2024 Appalachian Trail – Day 0 – Planning & Driving

Monday – 17 June

This LASH (Long A$$ Section Hike) is set to cover nearly 230 miles over three exciting weeks from Cornwall Bridge, CT to Killington, VT. Bob and I have been eagerly planning this section, which continues where we left off during our last LASH in 2022. Scheduling was an enjoyable challenge as we coordinated around weddings, anniversaries, and Father’s Day. Despite our careful planning, a last-minute twist emerged. In early May, I received a jury duty summons for June! Following the instructions on the notice, I requested a delay and was slightly anxious about asking for both June and July off. Fortunately, I quickly received a response, moving my jury date to August, giving me something to look forward to upon my return.

The logistics of our hikes as we get farther away is an added challenge. For this section, Bob and I decided we would meet at the end point in Vermont, stay overnight at the Inn at Long Trail and then drive one vehicle to our start at Cornwall Bridge. It is an eight plus hour drive for me and six plus hours for Bob to Vermont. Our drive from the Inn to Cornwall Bridge will be three plus hours.

I had previously stayed at the Inn at Long Trail completing my section south from the White Mountains in New Hampshire also in 2022. Completion of this section will connect my Appalachian Trail hiking from the start in Georgia to Pinkham Notch, New Hampshire nearly 1,900 miles.

After nine hours, I finally arrived at the Inn. No issues with traffic. Bob arrived shortly after me a little before four. I gave Bob a short tour of the inn. It has a quite eclectic collection of knick nacks.

After settling into the room, Bob hadn’t done enough driving so we drove a few miles to Woodstock, VT and then back for dinner at the Irish pub.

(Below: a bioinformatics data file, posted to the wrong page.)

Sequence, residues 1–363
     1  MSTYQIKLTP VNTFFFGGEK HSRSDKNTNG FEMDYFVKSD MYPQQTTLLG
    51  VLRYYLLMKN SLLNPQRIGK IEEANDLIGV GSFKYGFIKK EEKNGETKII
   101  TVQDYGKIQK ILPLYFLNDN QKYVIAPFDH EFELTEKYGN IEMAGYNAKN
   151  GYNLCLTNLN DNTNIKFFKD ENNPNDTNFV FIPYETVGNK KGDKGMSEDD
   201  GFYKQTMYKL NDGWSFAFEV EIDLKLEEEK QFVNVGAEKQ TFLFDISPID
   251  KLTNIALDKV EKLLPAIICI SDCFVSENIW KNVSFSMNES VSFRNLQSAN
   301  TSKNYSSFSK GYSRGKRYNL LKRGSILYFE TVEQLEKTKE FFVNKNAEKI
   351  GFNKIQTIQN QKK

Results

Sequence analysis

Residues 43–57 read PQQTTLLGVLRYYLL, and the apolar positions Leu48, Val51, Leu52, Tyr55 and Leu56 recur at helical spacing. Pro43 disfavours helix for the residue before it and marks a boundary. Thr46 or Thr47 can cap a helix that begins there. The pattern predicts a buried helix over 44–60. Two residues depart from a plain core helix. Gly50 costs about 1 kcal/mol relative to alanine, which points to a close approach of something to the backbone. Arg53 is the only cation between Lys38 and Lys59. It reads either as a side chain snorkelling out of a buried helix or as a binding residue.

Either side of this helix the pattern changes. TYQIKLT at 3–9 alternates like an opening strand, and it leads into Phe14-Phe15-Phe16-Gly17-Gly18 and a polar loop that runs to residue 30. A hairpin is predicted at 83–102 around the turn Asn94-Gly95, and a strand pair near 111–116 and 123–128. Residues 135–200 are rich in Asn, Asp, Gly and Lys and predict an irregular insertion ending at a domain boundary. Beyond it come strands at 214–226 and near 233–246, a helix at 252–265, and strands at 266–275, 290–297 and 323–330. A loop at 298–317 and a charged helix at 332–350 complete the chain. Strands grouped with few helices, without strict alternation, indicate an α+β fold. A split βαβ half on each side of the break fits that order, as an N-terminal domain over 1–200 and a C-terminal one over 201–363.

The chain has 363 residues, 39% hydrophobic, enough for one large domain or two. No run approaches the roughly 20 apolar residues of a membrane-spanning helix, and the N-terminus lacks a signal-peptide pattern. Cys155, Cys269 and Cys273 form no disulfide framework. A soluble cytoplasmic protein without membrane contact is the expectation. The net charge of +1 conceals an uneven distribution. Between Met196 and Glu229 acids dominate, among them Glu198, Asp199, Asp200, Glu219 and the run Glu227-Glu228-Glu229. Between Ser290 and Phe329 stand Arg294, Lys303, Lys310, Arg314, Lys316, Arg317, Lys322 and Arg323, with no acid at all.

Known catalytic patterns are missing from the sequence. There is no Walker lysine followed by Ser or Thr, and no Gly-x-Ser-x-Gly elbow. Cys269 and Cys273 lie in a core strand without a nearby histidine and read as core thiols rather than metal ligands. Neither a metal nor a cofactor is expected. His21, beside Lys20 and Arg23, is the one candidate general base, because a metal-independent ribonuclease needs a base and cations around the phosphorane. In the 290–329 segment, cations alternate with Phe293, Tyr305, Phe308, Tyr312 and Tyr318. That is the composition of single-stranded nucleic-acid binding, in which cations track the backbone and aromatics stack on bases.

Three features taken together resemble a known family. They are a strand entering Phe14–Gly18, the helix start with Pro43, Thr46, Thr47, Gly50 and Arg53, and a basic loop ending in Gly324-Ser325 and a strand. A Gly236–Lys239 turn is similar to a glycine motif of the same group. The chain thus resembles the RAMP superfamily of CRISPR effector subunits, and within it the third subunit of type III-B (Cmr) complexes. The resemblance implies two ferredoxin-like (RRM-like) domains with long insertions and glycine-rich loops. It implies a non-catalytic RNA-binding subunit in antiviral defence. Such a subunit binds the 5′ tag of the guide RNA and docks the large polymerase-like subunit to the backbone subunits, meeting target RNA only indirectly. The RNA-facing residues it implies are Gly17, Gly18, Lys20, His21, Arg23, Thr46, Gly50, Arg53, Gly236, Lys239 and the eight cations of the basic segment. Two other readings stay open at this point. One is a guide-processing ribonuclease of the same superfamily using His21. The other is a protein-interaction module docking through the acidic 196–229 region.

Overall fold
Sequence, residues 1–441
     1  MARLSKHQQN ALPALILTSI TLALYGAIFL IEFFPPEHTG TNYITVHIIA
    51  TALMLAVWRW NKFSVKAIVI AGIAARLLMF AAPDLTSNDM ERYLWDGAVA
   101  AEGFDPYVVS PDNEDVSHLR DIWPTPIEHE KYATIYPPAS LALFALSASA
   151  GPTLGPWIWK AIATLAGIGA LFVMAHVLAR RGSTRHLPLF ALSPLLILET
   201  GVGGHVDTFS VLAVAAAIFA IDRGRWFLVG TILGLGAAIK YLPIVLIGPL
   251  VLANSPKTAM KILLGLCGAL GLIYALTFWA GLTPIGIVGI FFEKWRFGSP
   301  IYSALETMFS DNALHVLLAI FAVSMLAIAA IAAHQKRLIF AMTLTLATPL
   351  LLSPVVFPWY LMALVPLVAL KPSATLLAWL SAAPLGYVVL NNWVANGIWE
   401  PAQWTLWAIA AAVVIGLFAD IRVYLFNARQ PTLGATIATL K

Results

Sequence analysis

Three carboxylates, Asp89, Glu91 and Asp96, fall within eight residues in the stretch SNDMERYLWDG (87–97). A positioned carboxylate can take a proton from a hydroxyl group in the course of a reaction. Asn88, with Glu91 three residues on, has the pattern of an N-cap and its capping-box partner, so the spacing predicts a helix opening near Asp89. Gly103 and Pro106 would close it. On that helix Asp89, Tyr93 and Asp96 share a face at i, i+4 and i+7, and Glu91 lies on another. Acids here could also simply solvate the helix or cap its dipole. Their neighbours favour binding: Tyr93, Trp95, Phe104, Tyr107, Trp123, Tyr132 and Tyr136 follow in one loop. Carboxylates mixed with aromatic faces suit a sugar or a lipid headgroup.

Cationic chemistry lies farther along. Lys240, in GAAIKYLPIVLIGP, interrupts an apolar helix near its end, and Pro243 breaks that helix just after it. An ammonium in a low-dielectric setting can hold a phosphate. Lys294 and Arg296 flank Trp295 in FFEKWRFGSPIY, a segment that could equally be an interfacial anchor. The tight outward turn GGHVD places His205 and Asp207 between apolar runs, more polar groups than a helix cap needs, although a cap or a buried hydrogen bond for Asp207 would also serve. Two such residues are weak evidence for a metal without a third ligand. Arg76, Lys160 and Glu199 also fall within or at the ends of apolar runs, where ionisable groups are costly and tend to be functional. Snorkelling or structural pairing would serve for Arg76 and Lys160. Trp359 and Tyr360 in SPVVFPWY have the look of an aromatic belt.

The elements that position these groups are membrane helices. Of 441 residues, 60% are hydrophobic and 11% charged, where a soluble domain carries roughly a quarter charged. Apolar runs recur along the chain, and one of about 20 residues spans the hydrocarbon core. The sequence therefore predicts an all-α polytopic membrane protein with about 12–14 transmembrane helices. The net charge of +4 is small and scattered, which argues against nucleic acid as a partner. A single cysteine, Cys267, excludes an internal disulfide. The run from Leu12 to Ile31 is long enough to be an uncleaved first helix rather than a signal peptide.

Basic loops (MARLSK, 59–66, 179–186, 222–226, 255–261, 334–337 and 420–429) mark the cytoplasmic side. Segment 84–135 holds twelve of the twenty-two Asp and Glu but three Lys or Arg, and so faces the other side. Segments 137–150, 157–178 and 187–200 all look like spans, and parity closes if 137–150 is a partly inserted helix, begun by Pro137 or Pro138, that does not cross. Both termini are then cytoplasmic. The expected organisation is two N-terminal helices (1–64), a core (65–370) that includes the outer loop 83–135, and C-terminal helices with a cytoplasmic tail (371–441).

Breakfast is at 7:30 and then we head south 3+ hours to Connecticut and start hiking in the heat.

History of The Inn at Long Trail

The Long Trail Lodge itself was conceived by Mortimer R. Proctor as a clubhouse for the Green Mt. Club. He had it designed by Paul Thayer, of Wallingford, and placed along the Long Trail for the convenience of the GMC members, who cleared and maintained the trail. The lodge was built in 1923, on the south side of route 4 atop the Sherburne Pass, convenient to guests traveling from either side of Vermont. A fire completely destroyed it during a blizzard, Nov. 8 1968. The front page of the New York Times carried the story as the loss of a significant part of Vermont’s History.

Following the fire, all of the lodging and dining activities shifted to the “Long Trail Chalet” on the north side of Route 4, the winter annex for the uninsulated Long Trail Lodge. The annex building was the first building erected in Vermont, 1938, to serve as a public ski lodge, catering to the early skiers traveling to Pico Peak Ski Resort, just down the road. The name “Long Trail Lodge” shifted as well.

In July 1977 Kyran & Rosemary McGrath purchased the lodge renaming it “The Inn at Long Trail”, and created “McGrath’s Irish Pub”, the first in Vermont to serve Guinness on draft.

In the land of lush green, where mountains stand tall,
There’s a trail winding through, calling one and all.
With each step you take, through forest and glen,
Adventure awaits, oh, where will it end?
– ChatGPT

3 Comments Add yours

  1. Steve aka Wedding Walker says:

    Remembering a great evening at the Inn at Long Trail a couple years ago with you, Sidequest, Digger and Juice. Enjoy your hike!

  2. Diane Olexa says:

    Hydrate!!! Hot week.😓

    1. stoffa says:

      Planning to go slow and lots of water.

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